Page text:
I had a friend who went to college on a full music scholarship. In the summers, he would tour with rock bands, make good money, then come back and continue his studies.

No one saw anything wrong with that.

But the NCAA would.

If you’ve been following the events of the last month, you know that three Michigan basketball players, Chris Webber, Jalen Rose and Eric Riley, have gotten in hot water for taking money at basketball clinics.

Never mind that their coaches told them it was OK to do the clinics. Never mind that one of the clinics was for charity.

Never mind that we’re talking $300 apiece. Or that we’re talking two clinics total.

Never mind that basketball will be the chosen careers for these three young men, just as music was for my college friend.

Never mind all that. The NCAA got word of this clinic stuff and began to shuffle papers, and Michigan, in turn, began to shuffle papers, and observers began to wring their hands over the future of academics and athletics, and next thing you know, Rose, Webber and Riley are declared ineligible.

And once again, we have to wonder what is going on in the world of college sports, and can’t somebody there take a course in common sense? NCAA living in the past

Under NCAA rules, college athletes are not allowed to work in their fields while on scholarship. If a basketball player were paid to play in a summer league — wham! He’s outta there. No more college ball.

Right away, you see the hypocrisy. Would they tell my musician friend he couldn’t play in rock bands, that he had to wash dishes instead?

Ah, but sports are different. Sports are governed by the NCAA, which says if an athlete is paid to play sports, he is no longer an amateur, and this somehow violates a code of ethics. Maybe it just violates the tax-exempt status the NCAA enjoys with all those piles of money it makes from TV and ticket sales. Whatever. These folks sure are confusing.

Look at how many times they’ve changed their rules. Not long ago, college athletes weren’t allowed to work at all; they had to scrounge to buy a pizza. When this led to slimy boosters slipping $100 bills to players, the NCAA said
“OK. The kids can work. But only under certain conditions.”

Not long ago, junior and sophomore players weren’t allowed to enter the NFL draft (this kept the kids in college, making big money for their universities). But when a few smart young athletes finally threatened lawsuits, that rule was also changed.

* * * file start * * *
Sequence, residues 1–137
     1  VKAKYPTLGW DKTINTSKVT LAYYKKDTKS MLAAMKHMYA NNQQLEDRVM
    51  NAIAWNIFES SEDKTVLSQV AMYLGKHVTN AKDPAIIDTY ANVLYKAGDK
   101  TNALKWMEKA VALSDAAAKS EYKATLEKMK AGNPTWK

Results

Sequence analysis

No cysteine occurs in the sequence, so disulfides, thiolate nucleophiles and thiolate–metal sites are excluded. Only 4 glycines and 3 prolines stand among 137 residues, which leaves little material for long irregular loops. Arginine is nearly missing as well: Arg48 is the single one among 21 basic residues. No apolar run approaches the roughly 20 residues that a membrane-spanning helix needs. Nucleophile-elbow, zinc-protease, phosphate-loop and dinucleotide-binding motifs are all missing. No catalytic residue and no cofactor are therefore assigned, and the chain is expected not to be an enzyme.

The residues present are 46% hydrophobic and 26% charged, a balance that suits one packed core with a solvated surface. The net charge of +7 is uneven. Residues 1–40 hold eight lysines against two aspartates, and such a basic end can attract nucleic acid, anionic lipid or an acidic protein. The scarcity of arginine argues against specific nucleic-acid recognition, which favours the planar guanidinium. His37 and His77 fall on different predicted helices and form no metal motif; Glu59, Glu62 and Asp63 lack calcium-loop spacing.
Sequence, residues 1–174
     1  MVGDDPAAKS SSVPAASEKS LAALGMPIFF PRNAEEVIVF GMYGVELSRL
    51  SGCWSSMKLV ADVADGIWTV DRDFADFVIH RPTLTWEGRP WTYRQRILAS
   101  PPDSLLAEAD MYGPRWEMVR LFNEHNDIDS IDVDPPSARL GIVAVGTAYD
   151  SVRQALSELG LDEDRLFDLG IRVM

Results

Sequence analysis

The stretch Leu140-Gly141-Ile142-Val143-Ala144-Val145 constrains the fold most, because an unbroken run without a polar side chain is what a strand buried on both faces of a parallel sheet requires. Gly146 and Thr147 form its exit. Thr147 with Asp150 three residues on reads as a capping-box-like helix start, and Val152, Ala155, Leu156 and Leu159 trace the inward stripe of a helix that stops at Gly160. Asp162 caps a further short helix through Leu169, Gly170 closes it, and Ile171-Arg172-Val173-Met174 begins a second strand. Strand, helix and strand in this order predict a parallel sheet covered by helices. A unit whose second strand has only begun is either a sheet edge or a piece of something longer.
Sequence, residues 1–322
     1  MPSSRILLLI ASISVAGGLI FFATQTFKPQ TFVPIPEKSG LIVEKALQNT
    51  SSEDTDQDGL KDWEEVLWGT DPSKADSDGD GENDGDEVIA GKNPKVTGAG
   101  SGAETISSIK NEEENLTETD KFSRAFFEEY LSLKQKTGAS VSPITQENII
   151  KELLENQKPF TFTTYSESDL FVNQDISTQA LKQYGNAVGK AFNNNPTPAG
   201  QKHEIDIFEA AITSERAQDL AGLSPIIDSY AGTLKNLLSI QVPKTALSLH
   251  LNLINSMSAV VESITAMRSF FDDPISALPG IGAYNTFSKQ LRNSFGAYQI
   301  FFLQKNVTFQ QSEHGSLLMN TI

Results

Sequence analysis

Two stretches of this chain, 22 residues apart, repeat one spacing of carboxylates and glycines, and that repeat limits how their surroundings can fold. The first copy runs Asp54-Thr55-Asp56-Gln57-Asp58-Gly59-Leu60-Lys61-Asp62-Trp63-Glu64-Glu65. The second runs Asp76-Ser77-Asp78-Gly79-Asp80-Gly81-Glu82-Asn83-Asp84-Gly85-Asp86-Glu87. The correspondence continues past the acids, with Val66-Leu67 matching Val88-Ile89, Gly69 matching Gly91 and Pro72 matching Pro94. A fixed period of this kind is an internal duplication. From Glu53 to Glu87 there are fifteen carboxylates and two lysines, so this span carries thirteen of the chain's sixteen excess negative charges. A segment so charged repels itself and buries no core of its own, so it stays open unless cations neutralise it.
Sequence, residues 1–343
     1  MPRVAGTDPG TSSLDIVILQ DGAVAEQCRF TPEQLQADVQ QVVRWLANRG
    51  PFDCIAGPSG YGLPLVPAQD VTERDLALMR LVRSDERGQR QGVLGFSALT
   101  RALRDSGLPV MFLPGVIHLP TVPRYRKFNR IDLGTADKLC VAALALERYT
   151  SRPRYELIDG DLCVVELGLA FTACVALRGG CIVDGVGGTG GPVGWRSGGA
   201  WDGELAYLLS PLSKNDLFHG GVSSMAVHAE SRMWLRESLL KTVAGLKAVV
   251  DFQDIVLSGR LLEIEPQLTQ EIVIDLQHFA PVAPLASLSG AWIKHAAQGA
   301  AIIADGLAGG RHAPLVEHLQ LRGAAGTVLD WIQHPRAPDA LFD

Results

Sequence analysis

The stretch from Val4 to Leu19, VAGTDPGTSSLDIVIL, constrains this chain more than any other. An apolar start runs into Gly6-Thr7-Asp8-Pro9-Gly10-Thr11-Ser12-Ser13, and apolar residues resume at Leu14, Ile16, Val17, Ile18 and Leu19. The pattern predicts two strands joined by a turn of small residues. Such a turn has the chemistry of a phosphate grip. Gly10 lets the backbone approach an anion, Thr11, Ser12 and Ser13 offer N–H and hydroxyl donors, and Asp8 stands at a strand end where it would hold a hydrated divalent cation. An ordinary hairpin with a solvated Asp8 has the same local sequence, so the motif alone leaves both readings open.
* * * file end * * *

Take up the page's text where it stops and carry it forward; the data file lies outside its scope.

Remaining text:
As eventually all these rules will change — including the dumbo rules about summer work. They will change because they don’t make sense. I know some of us resent college athletes for getting rich and famous by dribbling a ball, but that’s not the issue here.

The issue is fairness. Don’t blame Webber, Rose, Riley

Let’s look at the terrible “crimes” committed by Webber, Rose and Riley. They were asked to appear at a charity clinic to raise money for a sick child. They were paid $300 apiece. Webber, Rose and Rile are national stars; people come out to get their autographs. Had the organizer tried to rent an NBA player, he might have shelled out $10,000. Compared to that, $300 is a steal.

But the NCAA said, “Wait a second, $300 may be too much. The rules say you can only make a reasonable amount for charity, educational or non-profit appearances.” What’s reasonable? Nobody seems to know.

Meanwhile, here is the second clinic violation: Webber, Rose and Riley all appeared together. This threatens an idiotic NCAA rule about players using clinics for team practice — as if the three of them were working on some secret play to beat Duke next year. Come on. If they wanted to do that, they’d do it any summer night in pick-up ball at the gym.

And yet, this week, Michigan made Webber, Rose and Riley ineligible until the NCAA hands down its ruling. Of course, this, too, is a sham. They can still practice. They can still go to school. Nothing is affected except games, which don’t start until December — and the case will be long over by then. All Michigan did was score points with the NCAA by taking action themselves.

If this all seems kind of stupid, that’s because it is. College sports make thunderstorms of money from these athletes. Truth be told, there should probably be a Desmond Howard Library or an Earvin Johnson Student Center on campus, for all the dough they brought in.

Instead, these athletes are dragged through a public flogging for trying to do what we all did in college — pick up a few bucks in our hoped-for careers.

Meanwhile, the man who willingly paid the U-M players the $300, when asked if he did anything wrong, said: “If I did, I’m the biggest butt head this side of the Mississippi.”

Only because the NCAA is in Kansas.

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